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Posted on August 29, 2003 (5763) By Rabbi Aron Tendler | Series: | Level:

The societal obligation of establishing a judicial system is one of the seven Noahide laws. It is a responsibility incumbent upon every nation and every society. The opening Mitzvah in this week’s Parsha states, “Establish for yourselves judges and enforcers in all your cities.” Is this different than the general Noahide obligation for creating a judicial system or is it the same? If it is different, how is it different? If it is the same, why did G-d command the Jews separately from the other nations?

There are three components to a judicial system. 1. Establish laws for the proper functioning of society. 2. Appoint judges who will judge with wisdom and integrity. 3. Empower a police force with the ability to enforce the laws of that society.

Practically speaking, a judicial system must have all three components for it to function. If there are no laws there is no scale by which to differentiate right from wrong. If there are no judges there is no one who will evaluate and apply the law. If there is no enforcement there cannot be consequences, and without consequences there is no reliable, bottom-line incentive for the individual to accept societal law.

Whether Jewish or non-Jewish, the three components of a judicial system are necessary. There is however one significant difference between the Jewish and the non-Jewish judicial systems. The non-Jewish nations are responsible for making laws and enforcing them. Their laws must support the basic tenets of the Seven Noahide laws but the rest of the system is up to them. The Jews on the other hand, were commanded a complete system. It is a comprehensive system of laws and consequences that was established by G-d and G-d alone. Judges must still evaluate and apply the law; however, they are applying divine judgment rather than mere human rational and intellect.

The “divine imperative” of the Jewish judicial system is central to who the Jews are. Right and wrong, good and bad, are determined by divine ruling. Human rational and intellect are essential in understanding and applying G-d’s law, but it always remains G-d’s law. In fact, the permission for judges to create “new laws – rabbinic laws” is restricted to laws that protect or enhance the adherence to divine law. (17:11) “You must do in accordance to the Torah that they will teach you and the commandments that they will tell you…” Rashi comments, “Even if they tell you that right is left and left is right, and certainly if they tell you that left is left and that right is right, you must do as the rabbis command.”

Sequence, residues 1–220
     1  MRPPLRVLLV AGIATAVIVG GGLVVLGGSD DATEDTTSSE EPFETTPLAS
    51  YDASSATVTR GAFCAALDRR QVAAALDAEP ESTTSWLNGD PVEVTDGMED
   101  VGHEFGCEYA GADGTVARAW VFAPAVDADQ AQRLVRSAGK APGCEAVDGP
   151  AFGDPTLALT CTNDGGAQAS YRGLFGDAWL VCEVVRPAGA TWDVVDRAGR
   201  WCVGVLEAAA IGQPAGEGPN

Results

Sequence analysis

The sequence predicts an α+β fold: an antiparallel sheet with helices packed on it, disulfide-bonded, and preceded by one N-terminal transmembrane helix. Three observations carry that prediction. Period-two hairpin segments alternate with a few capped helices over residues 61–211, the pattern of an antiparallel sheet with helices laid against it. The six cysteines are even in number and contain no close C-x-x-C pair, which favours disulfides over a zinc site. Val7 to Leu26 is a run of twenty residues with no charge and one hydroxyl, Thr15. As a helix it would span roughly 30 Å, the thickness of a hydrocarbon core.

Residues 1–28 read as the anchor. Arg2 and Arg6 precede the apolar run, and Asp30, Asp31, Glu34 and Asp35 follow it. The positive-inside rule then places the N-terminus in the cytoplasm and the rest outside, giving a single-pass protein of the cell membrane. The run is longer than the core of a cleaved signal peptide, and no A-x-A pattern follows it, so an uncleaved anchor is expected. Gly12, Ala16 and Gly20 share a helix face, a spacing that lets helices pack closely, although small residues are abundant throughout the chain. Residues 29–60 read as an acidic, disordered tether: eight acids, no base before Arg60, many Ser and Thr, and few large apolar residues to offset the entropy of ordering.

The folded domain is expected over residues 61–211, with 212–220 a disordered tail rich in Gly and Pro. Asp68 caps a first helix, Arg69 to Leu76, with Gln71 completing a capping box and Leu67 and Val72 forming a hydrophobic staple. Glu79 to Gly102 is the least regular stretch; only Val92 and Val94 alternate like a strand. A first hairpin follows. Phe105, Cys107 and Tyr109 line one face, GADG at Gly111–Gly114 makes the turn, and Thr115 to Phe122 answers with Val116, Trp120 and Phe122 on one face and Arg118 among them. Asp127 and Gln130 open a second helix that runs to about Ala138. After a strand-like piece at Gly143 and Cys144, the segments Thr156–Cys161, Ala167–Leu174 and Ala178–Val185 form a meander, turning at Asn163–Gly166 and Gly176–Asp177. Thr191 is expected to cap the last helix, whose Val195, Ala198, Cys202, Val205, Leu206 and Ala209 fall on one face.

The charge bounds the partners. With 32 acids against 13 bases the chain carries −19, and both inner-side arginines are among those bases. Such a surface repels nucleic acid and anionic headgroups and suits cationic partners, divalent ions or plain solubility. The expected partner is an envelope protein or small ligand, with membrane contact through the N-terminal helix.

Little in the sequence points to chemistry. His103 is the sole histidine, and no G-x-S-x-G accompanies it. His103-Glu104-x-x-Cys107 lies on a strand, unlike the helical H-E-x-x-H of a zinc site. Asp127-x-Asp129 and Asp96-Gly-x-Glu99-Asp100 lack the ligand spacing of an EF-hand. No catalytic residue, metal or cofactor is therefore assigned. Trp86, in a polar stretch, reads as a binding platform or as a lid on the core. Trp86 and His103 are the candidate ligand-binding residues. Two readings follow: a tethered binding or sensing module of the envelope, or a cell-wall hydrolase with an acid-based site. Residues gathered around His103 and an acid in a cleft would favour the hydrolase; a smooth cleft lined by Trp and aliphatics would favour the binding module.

The Torah commanded the Jews to suspend their own rational judgment and follow even the seemingly irrational and illogical commandments of “the Rabbis – the Judges.” Can dogmatic irrationality be G-d’s expectation for justice? Is that the meaning of righteous justice?

Who are the judges – rabbis and what is their primary mandate? The opening verses in this week’s Parsha state that “they must judge righteously. They may not pervert justice by taking bribes and they may not show deference to one party over another. They must pursue righteous justice.” The Torah goes on to explain that bribery and deference perverts justice by “blinding the eyes of the wise and skewing the words of the righteous.”

Rabbi Dessler explained in his essay on motive and bias that intellectual bias is a given in all rational deliberations, and that it goes without saying that bias plays a significant role in all emotional deliberations. The mere fact that a person thinks his own thought already biases against any other opinion. That does not mean that there is no unbiased justice in the world. There can definitely be true justice; however, the judge must be honest with himself and recognize his inherent intellectual or emotional bias. He must then work to overcome that bias when administering justice.

A judge must first and foremost be a true Eved Hashem (servant of G-d). He must be wiling and able to suspend his own intellectual processing and assumption of justice and apply the law of G-d. He must accept the limitations of his own mortality and trust the eternal truth of G-d and His Torah. In doing so, in being a true Eved Hashem, there is great comfort, confidence and courage. As humans we can never be certain that we know the truth. “Do not believe in yourself until your dying day.” Only in the Olam Haemes – the World of Truth – will we know with certainty whether we were or were not truthful with our motives and ourselves. However, justice must be applied in this world, and the person who is committed to the word of G-d as taught by Moshe and passed down through the generations can trust that he has lived his life and applied justice in concert with G-d’s wishes.

The Judge is really no different than any other Jew. His challenge is the fundamental challenge facing every Jew all the time. Will he do as G-d wishes or will he do as he wishes? This week’s Parsha points out that the conflict is usually not so obvious. The conflict between doing the will of G-d or serving other gods (including the god of self) comes in stages.

Motive is the question. What motivates the sinner to deny the will of G-d and do otherwise? The Torah begins by focusing on motive. Is the judge being truthful or biased in his assessment of the situation and the application of justice? In order to render true justice the judge must be totally impartial. His sole goal must be to impart the word and will of G-d. “Wherever you mention my name I will come to you and bless you.” The Talmud says that we learn from this verse that G-d is present at all judicial deliberations! The judge must feel as if G-d is standing behind him looking over his shoulder. The judge must believe that he is acting as G-d’s agent and that he has no other choice but to render divine justice. What he personally thinks and feels is less than irrelevant. Only that which is a product of G-d’s Torah can have any significance.